The armiger, Filip-Lucian
Iorga (b. 1982), PhD, a Romanian historian, writer and professor,
member of the Royal Historical Society, of the Heraldry Society and
of the Romanian Jockey Club, is the descendant of an old Romanian
moșneni family, the Bărbulescu-Stănescu of Poiana and
The moșneni were
part of the Wallachian medieval aristocracy, an equivalent of the
English gentry. The moșneni of Poiana, in the Ialomița
county, owned their estate since at least the 16th century. They
were landowners and warriors. A family legend speaks about an
ancestor who fought, around 1600, against the Ottomans, alongside
Michael the Brave, the famous Wallachian prince who united for the
first time Wallachia, Moldavia and Transylvania.
One branch of the
moșneni of Poiana, the Poenaru-Bordea, received several boyar
ranks (mare stolnic, serdar, logofăt, paharnic, pitar) and
they were related to many important Romanian aristocratic families,
including the Ghika princely family, to the Russian counts Kiseleff
and the barons Sachellarie. Colonel Gheorghe Poenaru-Bordea (a
direct descendant of Barbu Roșul from 1639) was the first
Romanian officer who died in World War I.
branch originates from Priest Radu, an Eastern Orthodox priest born
around 1730, the father of Moșnean Barbu Poppa Radu (1788-1888). The
family owned parts of the Poiana and Pisculeasca estates in the
Ialomița county, southeast Romania. They were warriors, landowners,
priests and scholars related to families like the Moldavian boyars
Străjescu (related to the Phanariot princes Mavrogheni), the Russian
nobles Onou (related to the princes Trubetzkoy, the princes
Shakhovskoy, the counts Chreptowicz-Bouteneff and the barons Jomini)
and the von Kraus (Saxon nobles from Transylvania).
stone cross from the coat of arms, similar to the family crosses
still extant in Poiana, evokes the Christian tradition of the family
and the fidelity to the Church. The cross stands on a mount that
evokes one of the family estates, named Pisculeasca. The Romanian
“pisc” means “mount”. The opened book evokes the family members who
were priests, teachers, professors, scholars and writers. Several
members of the family taught at the school of Poiana, founded by the
as one of the first schools in the Romanian countryside. The Vert
tincture evokes the name of the main family estate, Poiana, that
means “meadow”, and the family’s love for freedom.
The sword brings to
memory the family members who fought, during the Middle Ages,
against the invaders, in order to protect their country’s freedom.
In modern times, many members of the Bărbulescu-Stănescu family
fought in World War I and World War II.
The rifle evokes Stan
Bărbulescu (1843-1898), great-great-grandfather of the armiger, who
shot a bird, during a hunting party at the Poiana estate, at the age
of five and was nicknamed The Rifleman. Also, several members of the
family fought as artillerymen in the Romanian Royal Army.
The motto, inspired
by Pierre Corneille’s
refers to Stan Bărbulescu’s deed, but also to the nobility, the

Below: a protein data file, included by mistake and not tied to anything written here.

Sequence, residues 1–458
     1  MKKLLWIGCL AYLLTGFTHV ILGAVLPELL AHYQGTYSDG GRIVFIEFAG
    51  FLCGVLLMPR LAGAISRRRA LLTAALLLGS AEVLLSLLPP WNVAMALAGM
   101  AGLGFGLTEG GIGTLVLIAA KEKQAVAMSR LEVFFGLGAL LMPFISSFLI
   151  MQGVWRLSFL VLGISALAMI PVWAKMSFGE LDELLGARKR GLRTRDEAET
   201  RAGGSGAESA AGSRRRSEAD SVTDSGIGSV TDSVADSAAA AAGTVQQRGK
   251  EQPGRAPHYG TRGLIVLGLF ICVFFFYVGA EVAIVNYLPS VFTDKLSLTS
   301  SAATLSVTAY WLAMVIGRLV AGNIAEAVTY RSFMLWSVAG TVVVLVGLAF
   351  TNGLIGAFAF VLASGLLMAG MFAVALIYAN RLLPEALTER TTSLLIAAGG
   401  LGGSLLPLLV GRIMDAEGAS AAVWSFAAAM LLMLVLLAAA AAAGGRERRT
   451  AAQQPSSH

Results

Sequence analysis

bravery and the various talents of the family members.
The coronet evokes the
noble status of the Bărbulescu-Stănescu family, as moșneni of Poiana
and Pisculeasca. The great bustard from the crest is the traditional
bird of the Bărăgan plane and the Ialomița county, now extinct from
the region. The horse from the dexter crest evokes the ancient
heraldic symbol of the Râmnicu-Sărat county, the ancestral home of
the armiger’s paternal family, the Iorga (Constantin Iorga, the
paternal grandfather of the armiger, a history teacher and direct
descendant of Priest Ene Referendaru, fought in World War II and was
a Knight of the Order of the Crown of Romania).
Decoration: The Medal of
King Michael I for Loyalty, received by the armiger in 2008 from HM
King Michael of Romania (1921-2017).
Design: The coat of arms
was created and drawn by the famous Romanian heraldist, Mr. Tudor-Radu
Tiron, PhD, a member of the International Academy of Heraldry, of
the National Committee of Heraldry, Genealogy and Sigillography of
the Romanian Academy and a Senior Adviser at the Romanian
Presidential Administration, the Chancellery of Orders.
This coat of arms
was inspired by an older version of the Bărbulescu-Stănescu coat of
arms, created by Colonel and engineer Mircea Stănescu (1923-2000),
Knight of the Order of the Crown of Romania, and his grandson, the
armiger. Assumed in Romania, in 1999. Registered in the Armorial
de France & d’Europe, No. 11, juillet 2015 (ISSN 1151-0978; dépôt
légal at the Bibliothèque Nationale de France; dedicated to HRH
Prince Louis de Bourbon, Duke of Anjou), La Place Royale, by Frédéric
Luz, French heraldist and former heraldic counsellor of Henri d’Orléans,
Count of Paris, Duke of France, Head of the Royal House of France.
Published on the official website of The Heraldry Society, in the
“Members Roll of Arms” section.
Use: The coat of
arms is used by the armiger, by his wife, the news anchor and
linguist Ana Iorga PhD (granddaughter of Colonel Radu C. Mihail, who
fought in World War II and was a Knight of the Order of Michael the
Brave) and by their descendants. It can also be used by Alexandrina
Stănescu, Lucia Iorga PhD (Knight of the Military Virtue Order),
Rodica Copoț, Laura Copoț and Tomás
Castaño-Copoț. With the permission of the armiger, the coat of arms
can also be used by other descendants of Moșnean
Stan Bărbulescu (1843-1898).